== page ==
~ Happy first Father’s Day to my son

Happy first Father’s Day to my son

By Tammy Keith Published June 18, 2017 at 12:00 a.m.
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I told myself I didn’t have to write about Father’s Day today, even though it is.

Sometimes feeling obligated to write about a subject isn’t the best reason.

Last year, I wrote about my wonderful dad and how that led me to pick a man who is a wonderful husband and father.

There’s a new dad in town, now. Our older son, John, became a father in May. (This really isn’t just a way to slip in another column about my sweet, adorable 4 1/2-week-old granddaughter, but that’s a bonus.)

It’s pretty awesome to see the little boy I raised become a dad. When he held his daughter up to the nursery window and I saw he was crying, I cried.

When he went home before my daughter-in-law brought Kennedy home, he had the back door open for their dogs to go in and out. Then he told me he worried that mosquitoes would get in and bite Kennedy. Yes, dads want to protect their little girls from the dangers of the world, even mosquitoes.

Before he became a father, he practiced with their two dogs and their cat, which is what couples often do. It’s not the same, but you think it’ll be close. When my husband and I took care of our granddogs, our son would often text to check on them or to remind us to give one his medicine. He blocked any gaps in our fence so the dogs wouldn’t escape because they’re known flight risks.

He took funny and cute cellphone pictures of the animals, with hilarious captions. I knew that would change once the baby was born, and now he takes cellphone pictures of Kennedy, and he often adds hilarious captions.

Like the picture he took where she was holding her little hand daintily to her chest, and he said, “Oh, I declare, Dolores, that tea is sweeter than a Mississippi honey bee.”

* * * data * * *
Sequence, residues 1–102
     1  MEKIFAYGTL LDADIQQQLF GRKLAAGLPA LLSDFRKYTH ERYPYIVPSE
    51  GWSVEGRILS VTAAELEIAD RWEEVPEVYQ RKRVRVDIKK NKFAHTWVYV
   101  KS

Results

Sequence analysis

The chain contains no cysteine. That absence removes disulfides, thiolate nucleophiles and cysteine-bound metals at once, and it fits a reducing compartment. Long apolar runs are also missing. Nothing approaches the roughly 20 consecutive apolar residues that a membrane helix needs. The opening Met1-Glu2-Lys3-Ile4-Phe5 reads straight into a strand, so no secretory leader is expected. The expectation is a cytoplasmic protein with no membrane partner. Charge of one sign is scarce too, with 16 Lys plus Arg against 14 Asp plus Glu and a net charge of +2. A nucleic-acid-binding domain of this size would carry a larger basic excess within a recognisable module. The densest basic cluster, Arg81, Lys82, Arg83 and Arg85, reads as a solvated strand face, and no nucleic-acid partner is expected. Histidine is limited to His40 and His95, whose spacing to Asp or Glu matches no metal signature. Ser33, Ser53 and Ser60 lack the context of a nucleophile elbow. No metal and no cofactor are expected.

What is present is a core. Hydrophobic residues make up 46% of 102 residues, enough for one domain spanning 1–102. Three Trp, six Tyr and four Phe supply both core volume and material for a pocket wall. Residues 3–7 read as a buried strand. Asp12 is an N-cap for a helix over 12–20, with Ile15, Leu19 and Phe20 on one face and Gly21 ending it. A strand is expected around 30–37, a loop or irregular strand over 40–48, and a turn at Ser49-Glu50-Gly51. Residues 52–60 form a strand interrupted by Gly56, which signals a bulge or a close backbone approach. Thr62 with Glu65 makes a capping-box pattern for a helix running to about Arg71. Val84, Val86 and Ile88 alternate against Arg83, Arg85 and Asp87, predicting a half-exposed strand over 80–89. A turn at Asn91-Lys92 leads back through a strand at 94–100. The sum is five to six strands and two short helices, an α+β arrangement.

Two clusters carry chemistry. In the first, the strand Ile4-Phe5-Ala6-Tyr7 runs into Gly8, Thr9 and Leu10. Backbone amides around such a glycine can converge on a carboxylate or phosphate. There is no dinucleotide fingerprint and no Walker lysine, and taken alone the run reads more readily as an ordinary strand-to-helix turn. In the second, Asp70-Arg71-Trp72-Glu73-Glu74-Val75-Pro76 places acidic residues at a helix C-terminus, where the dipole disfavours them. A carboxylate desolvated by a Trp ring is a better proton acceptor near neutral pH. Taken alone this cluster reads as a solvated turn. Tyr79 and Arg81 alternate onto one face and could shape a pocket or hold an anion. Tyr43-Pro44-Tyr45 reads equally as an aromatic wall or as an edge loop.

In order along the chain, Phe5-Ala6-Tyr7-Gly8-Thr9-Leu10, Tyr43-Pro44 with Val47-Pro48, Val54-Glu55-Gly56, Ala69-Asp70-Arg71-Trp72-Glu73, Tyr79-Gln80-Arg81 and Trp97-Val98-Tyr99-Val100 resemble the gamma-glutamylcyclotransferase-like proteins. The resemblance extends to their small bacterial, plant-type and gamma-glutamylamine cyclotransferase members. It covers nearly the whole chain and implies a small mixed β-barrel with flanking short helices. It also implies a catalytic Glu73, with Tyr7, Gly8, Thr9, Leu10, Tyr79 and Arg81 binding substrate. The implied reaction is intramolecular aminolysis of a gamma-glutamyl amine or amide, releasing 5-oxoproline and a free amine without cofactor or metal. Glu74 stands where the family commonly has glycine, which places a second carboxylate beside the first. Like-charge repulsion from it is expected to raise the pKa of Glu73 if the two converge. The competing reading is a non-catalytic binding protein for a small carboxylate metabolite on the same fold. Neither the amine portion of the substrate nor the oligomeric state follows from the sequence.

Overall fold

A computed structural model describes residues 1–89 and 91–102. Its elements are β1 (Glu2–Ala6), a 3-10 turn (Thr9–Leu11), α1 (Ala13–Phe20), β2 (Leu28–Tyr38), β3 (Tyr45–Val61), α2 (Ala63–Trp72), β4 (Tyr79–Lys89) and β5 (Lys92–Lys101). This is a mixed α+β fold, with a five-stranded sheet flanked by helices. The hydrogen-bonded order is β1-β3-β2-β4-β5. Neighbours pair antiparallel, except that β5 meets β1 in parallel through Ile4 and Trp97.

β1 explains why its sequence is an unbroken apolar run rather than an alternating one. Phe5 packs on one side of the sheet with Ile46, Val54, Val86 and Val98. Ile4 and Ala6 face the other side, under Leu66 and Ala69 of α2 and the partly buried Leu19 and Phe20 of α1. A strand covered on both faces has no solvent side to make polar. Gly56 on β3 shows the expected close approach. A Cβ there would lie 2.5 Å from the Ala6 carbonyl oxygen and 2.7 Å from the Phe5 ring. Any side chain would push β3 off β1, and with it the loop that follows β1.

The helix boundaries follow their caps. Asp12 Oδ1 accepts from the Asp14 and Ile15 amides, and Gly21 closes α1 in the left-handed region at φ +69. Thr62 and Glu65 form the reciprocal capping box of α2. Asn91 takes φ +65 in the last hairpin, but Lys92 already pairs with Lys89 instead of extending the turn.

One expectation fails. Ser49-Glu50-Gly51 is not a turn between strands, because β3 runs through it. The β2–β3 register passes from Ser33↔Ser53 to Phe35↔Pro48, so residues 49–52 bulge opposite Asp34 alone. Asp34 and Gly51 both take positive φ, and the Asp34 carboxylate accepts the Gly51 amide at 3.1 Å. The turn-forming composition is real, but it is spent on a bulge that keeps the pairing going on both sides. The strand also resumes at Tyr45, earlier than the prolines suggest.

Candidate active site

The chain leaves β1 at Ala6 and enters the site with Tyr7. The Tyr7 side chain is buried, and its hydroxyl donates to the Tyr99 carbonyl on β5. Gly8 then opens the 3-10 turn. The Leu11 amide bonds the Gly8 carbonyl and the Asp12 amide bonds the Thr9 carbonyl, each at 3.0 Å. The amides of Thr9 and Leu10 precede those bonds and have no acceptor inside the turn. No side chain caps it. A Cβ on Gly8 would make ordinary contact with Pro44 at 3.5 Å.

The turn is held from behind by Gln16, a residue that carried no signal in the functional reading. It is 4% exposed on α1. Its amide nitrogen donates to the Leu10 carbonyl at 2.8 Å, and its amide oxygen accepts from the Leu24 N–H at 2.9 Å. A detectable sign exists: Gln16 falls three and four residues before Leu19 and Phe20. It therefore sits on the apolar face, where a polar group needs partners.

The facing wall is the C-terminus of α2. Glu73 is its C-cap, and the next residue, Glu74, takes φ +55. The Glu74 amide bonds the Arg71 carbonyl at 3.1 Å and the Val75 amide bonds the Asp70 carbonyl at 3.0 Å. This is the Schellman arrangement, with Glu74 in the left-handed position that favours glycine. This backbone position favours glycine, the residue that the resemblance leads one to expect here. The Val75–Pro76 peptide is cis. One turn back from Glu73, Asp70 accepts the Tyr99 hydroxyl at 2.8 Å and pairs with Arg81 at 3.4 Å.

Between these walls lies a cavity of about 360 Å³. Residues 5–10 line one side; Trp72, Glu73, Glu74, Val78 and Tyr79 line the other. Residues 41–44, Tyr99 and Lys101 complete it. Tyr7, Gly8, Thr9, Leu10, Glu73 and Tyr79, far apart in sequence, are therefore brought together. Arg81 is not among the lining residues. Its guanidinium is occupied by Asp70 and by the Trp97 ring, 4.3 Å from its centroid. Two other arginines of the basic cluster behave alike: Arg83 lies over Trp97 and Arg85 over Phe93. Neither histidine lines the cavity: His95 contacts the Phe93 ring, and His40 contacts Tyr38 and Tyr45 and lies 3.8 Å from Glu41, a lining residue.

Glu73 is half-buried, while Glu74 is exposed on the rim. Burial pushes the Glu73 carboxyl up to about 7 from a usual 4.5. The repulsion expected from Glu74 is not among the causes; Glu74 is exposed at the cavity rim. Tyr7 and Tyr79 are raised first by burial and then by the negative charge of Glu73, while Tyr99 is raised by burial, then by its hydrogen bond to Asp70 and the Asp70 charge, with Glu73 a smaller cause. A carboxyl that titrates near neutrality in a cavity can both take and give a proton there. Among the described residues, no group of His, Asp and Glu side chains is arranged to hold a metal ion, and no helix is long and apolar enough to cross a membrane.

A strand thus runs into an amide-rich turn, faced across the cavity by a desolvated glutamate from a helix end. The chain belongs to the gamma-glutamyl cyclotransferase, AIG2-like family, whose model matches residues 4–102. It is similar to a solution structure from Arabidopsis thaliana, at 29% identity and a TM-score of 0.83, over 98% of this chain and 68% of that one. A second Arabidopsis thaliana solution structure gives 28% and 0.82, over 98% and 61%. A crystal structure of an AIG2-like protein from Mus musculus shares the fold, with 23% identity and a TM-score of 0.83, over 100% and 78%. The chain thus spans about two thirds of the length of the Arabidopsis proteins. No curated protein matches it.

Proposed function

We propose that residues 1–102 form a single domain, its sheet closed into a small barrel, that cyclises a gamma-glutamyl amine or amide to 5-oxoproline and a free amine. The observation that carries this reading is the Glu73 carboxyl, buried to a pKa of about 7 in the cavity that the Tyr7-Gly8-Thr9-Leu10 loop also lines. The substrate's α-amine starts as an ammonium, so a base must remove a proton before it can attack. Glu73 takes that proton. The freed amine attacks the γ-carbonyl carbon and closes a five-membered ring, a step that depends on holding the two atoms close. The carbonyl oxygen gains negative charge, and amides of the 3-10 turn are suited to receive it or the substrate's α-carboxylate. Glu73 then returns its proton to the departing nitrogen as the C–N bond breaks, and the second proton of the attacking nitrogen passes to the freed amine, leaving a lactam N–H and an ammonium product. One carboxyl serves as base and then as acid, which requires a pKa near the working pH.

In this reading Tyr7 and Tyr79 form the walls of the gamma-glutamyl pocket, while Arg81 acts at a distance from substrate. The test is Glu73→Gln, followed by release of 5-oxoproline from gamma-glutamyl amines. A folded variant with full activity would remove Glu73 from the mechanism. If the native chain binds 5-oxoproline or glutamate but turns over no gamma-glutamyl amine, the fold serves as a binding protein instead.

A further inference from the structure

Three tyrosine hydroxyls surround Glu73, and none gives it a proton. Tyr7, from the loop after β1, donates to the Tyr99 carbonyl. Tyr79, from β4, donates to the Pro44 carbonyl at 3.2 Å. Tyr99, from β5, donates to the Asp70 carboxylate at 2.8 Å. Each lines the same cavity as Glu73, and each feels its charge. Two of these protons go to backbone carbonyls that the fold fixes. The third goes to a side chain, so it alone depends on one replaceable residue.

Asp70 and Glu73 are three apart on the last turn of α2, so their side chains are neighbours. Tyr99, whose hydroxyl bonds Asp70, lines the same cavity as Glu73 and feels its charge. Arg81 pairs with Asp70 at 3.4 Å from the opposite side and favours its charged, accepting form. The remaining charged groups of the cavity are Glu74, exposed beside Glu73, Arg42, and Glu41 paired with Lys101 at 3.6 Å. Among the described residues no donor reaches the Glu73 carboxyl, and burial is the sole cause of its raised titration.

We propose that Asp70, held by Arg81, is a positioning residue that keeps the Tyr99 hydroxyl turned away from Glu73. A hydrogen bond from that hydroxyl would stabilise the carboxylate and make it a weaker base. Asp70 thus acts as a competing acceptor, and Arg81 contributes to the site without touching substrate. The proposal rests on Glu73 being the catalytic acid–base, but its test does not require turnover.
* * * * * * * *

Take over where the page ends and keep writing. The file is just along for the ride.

When Kennedy came home from the hospital, he was a little overwhelmed, as most parents are. The first week, he hovered when someone else was holding her, just like I did when he was born. He was hypervigilant to any sign that she was hungry, because he learned in baby class not to let her get too worked up before eating. I can’t say I blame him; I stuck a bottle in his mouth every time he cried. He told me how she liked to be held. When I changed a diaper and described the results, he assured me, “That’s normal.”

Always independent, he really didn’t need my help. But he liked having me there, and that made me happy. He encouraged his wife to take a nap as often as possible and let him take Kennedy duty.

He had trouble sleeping with Kennedy next to their bed at first because he said she made little baby noises in the night, and he had to use the flashlight on his cellphone to check on her, over and over.

Sometimes when I looked down at her, especially that first week, I had a flashback to 1989, and I could have sworn I was holding him. She has the same skin and hair coloring, blond with hints of red.

But my baby is all grown up. He’s been a wonderful son, and even though I sometimes call him baby, I know he’s not. Just like his father and grandfathers who served as role models, he’s a thoughtful, devoted, hardworking husband and father. I’m so proud.

I told him before they had a baby that someday he’d understand how much I love him. I think now he does.

Senior writer Tammy Keith can be reached at (501) 327-0370 or tkeith@arkansasonline.com.

Niche Publications Senior Writer Tammy Keith can be reached at 501-327-0370 or tkeith@arkansasonline.com.

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